New Delhi, Oct 19: Describing India’s security challenges as “diverse and serious”, Prime Minister Manmohan Singh Friday underlined the need for bolstering the country’s capabilities to tackle new threats in areas of cyber and space and called for an integrated response and weaponry to deal with them.
Addressing the annual combined commanders conference here, he told the top military brass that growing complexities must be met by comprehensive responses.
“We should aim to abandon single or segmented approaches and develop synergies across services. Compartmentalised views will only delay our response and dilute its impact,” he said.
“Our security challenges, including cross-border terrorism, transnational crime and drug trafficking, remain diverse and serious. Added to these are new challenges in areas that constitute the ‘global commons’ – such as space, the high seas and cyberspace,” he said.
“In particular, there is a need to increase our capabilities in emerging areas like cyber and space, which can be the sources of new threats. We must therefore reorient our mindsets and define a long-term integrated perspective that aligns these capabilities with envisaged outcomes,” he said.
The prime minister stressed integrated decision-making structures and weaponry to deal with new threats. “Addressing these challenges will require addressing issues of jointness and skills, of training, doctrines and strategies, and of integrated decision-making structures and weaponry, all of which will need to be supported by indigenous research and production capabilities.”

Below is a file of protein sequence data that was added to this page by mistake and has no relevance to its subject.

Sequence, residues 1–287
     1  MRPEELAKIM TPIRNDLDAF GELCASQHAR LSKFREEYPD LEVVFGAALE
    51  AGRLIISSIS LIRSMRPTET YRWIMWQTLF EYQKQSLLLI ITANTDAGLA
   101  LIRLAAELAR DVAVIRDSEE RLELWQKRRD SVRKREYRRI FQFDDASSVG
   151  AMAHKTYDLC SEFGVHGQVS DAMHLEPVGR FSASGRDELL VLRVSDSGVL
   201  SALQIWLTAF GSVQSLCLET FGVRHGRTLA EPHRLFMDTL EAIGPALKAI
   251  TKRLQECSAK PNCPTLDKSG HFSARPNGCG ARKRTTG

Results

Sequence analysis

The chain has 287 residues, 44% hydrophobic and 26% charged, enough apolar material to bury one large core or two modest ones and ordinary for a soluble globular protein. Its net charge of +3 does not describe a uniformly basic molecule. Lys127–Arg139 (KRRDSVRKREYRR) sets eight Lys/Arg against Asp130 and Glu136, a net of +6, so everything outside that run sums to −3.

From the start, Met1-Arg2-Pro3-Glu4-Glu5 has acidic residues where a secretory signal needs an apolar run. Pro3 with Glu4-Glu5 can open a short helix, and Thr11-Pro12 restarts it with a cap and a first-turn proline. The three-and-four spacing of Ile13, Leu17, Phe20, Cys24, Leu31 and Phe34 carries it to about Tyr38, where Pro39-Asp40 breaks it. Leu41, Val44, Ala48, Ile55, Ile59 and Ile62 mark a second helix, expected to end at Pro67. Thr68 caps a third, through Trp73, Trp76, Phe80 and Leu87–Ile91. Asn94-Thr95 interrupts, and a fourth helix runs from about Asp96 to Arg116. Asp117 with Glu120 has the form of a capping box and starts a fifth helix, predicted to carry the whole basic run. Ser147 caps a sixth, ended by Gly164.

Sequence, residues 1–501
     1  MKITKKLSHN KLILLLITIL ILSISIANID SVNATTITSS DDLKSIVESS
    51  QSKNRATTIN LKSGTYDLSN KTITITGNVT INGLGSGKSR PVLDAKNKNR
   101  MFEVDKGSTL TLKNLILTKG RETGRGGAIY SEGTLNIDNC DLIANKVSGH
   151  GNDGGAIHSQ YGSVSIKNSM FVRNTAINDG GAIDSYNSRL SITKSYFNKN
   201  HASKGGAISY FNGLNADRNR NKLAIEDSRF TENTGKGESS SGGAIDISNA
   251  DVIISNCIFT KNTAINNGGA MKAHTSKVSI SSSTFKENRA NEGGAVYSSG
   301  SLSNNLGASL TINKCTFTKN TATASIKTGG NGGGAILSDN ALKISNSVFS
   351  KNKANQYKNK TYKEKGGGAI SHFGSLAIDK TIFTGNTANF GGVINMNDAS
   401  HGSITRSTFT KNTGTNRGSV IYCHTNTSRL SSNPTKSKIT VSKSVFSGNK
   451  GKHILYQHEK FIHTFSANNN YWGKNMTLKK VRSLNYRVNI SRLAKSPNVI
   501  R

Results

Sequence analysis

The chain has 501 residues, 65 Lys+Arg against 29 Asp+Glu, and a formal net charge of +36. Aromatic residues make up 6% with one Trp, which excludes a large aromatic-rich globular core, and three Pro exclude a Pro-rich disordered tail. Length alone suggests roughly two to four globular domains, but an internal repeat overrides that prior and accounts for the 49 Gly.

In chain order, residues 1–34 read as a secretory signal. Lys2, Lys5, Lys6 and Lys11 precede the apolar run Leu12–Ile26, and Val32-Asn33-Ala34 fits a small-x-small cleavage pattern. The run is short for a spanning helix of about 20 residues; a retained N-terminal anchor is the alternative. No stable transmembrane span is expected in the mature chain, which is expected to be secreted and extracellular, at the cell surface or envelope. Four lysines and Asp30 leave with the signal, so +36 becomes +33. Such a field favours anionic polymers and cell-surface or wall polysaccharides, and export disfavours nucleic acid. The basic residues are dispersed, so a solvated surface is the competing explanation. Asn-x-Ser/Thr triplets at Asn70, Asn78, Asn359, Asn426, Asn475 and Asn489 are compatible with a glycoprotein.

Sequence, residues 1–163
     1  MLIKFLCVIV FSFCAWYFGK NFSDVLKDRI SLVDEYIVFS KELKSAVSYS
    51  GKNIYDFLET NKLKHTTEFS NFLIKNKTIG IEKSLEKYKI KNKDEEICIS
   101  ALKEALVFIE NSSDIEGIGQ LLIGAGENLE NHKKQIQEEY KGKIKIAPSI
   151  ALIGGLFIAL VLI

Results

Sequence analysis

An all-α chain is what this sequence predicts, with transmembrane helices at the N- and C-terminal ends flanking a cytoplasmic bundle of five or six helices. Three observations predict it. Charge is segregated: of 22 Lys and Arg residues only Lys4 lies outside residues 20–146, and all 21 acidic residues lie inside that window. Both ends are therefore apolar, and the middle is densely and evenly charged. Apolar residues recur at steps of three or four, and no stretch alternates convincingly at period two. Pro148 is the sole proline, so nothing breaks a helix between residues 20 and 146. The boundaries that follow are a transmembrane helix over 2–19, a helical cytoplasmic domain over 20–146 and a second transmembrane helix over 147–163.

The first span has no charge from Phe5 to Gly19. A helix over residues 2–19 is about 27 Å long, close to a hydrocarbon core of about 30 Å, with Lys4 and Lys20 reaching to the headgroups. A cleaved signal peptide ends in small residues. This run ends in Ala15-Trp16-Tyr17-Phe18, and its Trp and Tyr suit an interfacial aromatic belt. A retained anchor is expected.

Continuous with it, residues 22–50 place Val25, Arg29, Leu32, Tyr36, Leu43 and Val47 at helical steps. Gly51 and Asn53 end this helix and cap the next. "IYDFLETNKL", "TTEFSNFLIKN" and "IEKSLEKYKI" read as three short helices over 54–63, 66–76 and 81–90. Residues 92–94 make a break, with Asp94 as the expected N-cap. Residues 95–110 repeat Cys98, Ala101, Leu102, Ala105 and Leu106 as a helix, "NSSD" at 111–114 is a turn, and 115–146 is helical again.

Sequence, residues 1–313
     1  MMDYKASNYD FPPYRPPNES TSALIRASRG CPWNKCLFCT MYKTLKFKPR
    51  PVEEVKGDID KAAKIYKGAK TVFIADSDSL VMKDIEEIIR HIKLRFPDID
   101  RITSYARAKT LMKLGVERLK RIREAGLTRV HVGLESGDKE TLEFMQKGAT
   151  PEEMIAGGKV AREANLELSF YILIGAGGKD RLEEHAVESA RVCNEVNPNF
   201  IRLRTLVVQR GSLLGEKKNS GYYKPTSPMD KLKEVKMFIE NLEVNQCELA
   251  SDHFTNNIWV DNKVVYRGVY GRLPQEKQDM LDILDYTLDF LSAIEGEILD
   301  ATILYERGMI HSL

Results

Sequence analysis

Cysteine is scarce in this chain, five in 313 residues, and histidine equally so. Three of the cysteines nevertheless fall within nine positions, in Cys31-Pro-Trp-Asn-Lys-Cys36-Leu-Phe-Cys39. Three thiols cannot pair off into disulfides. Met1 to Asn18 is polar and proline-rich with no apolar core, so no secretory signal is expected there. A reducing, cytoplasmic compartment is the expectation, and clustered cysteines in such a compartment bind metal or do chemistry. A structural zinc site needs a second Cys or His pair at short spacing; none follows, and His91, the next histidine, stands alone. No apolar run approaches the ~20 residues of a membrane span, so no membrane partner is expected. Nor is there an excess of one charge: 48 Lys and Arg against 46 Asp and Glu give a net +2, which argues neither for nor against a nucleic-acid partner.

Alluding to India’s immediate geo-strategic environment, he said India’s strategic calculus has long encompassed the waters from the Gulf of Aden to the Straits of Malacca. He, however, rued that these areas have recently turned into “fresh theatres of contestation.”
“In the political arena too, our neighbourhood remains complex with elements of instability. All around us, we see a churning of the political, economic and social systems of various countries with uncertain outcomes,” the prime minister said.
He, however, stressed on dialogue and diplomacy to resolve all issues among nations. “India has been a strong proponent of efforts to promote international peace, security and development and to act as a factor of stability in our region and beyond,” he said.
“Our size, technological capabilities and standing as a responsible state contribute to our ability to engage in regional and global efforts to shape responses to existing and emerging challenges,” he stressed.
The prime minister also underlined the need to protect “new found equities” like securing the sea lanes for energy security.
Stressing that security will remain a “pre-eminent and key pillar” of national strength, Manmohan Singh said the services will have to equip themselves to meet the evolving challenges.
He also spoke about accelerating modernisation and indigenisation of the defence research, production and acquisition infrastructure. “The Defence Public Sector Undertakings and Ordnance Factories too need to do more in absorbing technology and building capacities.”
The prime minister also envisaged a role for the Indian private sector in contributing to the defence industrial base.
Besides the Task Force, led by Naresh Chandra on security structures and decision-making processes, another Task Force led by Ravindra Gupta to look into the issue of defence modernization and self reliance have submitted their reports. “It would be in our national interest to evolve an early consensus on their recommendations,” he said.